Wedding Guest Signature Quilt project by Jennifer Campbell Kirk for Vintage and Floral
I was commissioned by the Mother of the Groom, Janet Hindley, to make a Wedding Guest Signature Quilt for her son and daughter-in law to be, as a sentimental heirloom wedding gift. The brief was to design and make a patchwork quilt made of cloth signed by the couple's wedding guests. The project took approximate eighteen months from initial consultation to the finished quilt.
The first meeting in my Regent Street Office
The process began by discussing the initial brief with Ms Hindley over the telephone, followed by a face to face consultation with Ms Hindley, her daughter and her son's fiancée, Michelle, at my office.
We discussed initial design ideas, style, quilt patterns, colour, choices of cloth and wadding and the number of guests.
I always have lots of fabric and patterns available for clients to tell me what they don’t like as well as what they do, so
I can gain a good understanding of their tastes.
I originally trained as a therapist so I have learnt how to be observant and a good listener. During the early stages of such projects, clients are often uncertain about what they want and gaining a good understanding of their taste and preferences can be a challenge.
I also bring along examples of my work so my clients can touch my quilts and see the quality and craftmanship.
The design process
Initially Ms Hindley and Michelle wanted a design similar to a traditional American quilt they had seen in a Quilting book and so I sketched four designs for the couple to choose from. However, the groom wanted a simpler design so the couple decided on a one patch quilt made in their Wimbledon wedding colours of purple, green and cream.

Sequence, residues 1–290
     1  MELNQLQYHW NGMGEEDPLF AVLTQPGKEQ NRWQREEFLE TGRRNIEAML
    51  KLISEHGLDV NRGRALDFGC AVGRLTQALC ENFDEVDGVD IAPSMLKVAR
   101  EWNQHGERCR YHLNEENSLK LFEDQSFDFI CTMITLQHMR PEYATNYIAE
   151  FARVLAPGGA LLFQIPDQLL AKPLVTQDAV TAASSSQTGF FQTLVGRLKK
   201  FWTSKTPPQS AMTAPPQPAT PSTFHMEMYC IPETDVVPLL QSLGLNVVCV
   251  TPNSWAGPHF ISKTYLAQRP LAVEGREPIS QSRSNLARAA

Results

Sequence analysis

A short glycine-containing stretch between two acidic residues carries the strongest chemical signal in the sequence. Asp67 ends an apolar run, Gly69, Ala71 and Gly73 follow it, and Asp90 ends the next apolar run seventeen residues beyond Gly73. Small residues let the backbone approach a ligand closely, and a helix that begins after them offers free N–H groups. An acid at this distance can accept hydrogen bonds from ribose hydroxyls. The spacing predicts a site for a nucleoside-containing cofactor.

I sketched a further four designs and the couple decided to amalgamate two of them. I then sketched a final design which was agreed.
I always have a schedule of work with deadlines and timeframes for the couple to sign off at different stages of the project. This ensures I stay on track and finish the project on time. Being a qualified project manager with a background of running large art projects for the V&A and Leighton House Museums has been invaluable in transferring these skills to making bespoke quilts.
The next stage in my design process is to narrow down the exact shades of colour the couple want and then source high quality designer fabrics sending samples in the post for approval. Once this has been signed off, I source high quality fabric pens and begin a series of tests to see how each pen responds to the fabric once it is placed in the wash. In my experience one brand can react differently to different fabrics when washed and so I always run tests and never take any chances.
On completion of the tests I hand cut the fabric into the chosen squares and sent them to the couple along with several fabric pens several weeks before their wedding. The plan was that guests would sign the squares which would be incorporated in the quilt.
Making the quilt
After the wedding, the couple returned their signed squares and I set to work in making a quilt top. Once finished the top is given to a specialist longarm quilting company to stitch the three layers together using beautiful pantograph designs chosen by the couple. Michelle and Julian chose the fun daisy and loop pattern. Some couples choose hearts and swirls or pretty flowers.
When the quilt was returned to me I applied a double bound edge for extra durability and stitched it in place by hand. It is quicker to do this by machine but I just love the personal quality and softness of hand stitches and such a special quilt deserves my time and attention to detail.
Finally the quilt was sent to the couple and my satisfaction is only complete once I know that they are delighted. Not only were Michelle and Julian delighted with their quilt but Ms Hindley was so touched, that she wrote me a poem and dedicated it to me. Here it is:
Stories stitched with every thread.
Heirlooms created in silk and cotton
of memories, events and words unsaid
Events now tangible, n’ere forgotten.
Love made eternal by her skill
as the quilter weaves her magic spell;
Cutting, stitching to fulfil
celebrations, that only time will tell
Their stories, of ordinary folk
with every cut and every stitch.
But by her skills this quilt, bespoke,
their stories forever will bewitch.
Oh, Quilter! Do you really realise
the magic weaved twixt your fingers and eyes?
by Janet Hindley
(Inspired by and dedicated to Jennifer Campbell Kirk for the quilt made to celebrate the wedding of Julian and Michelle)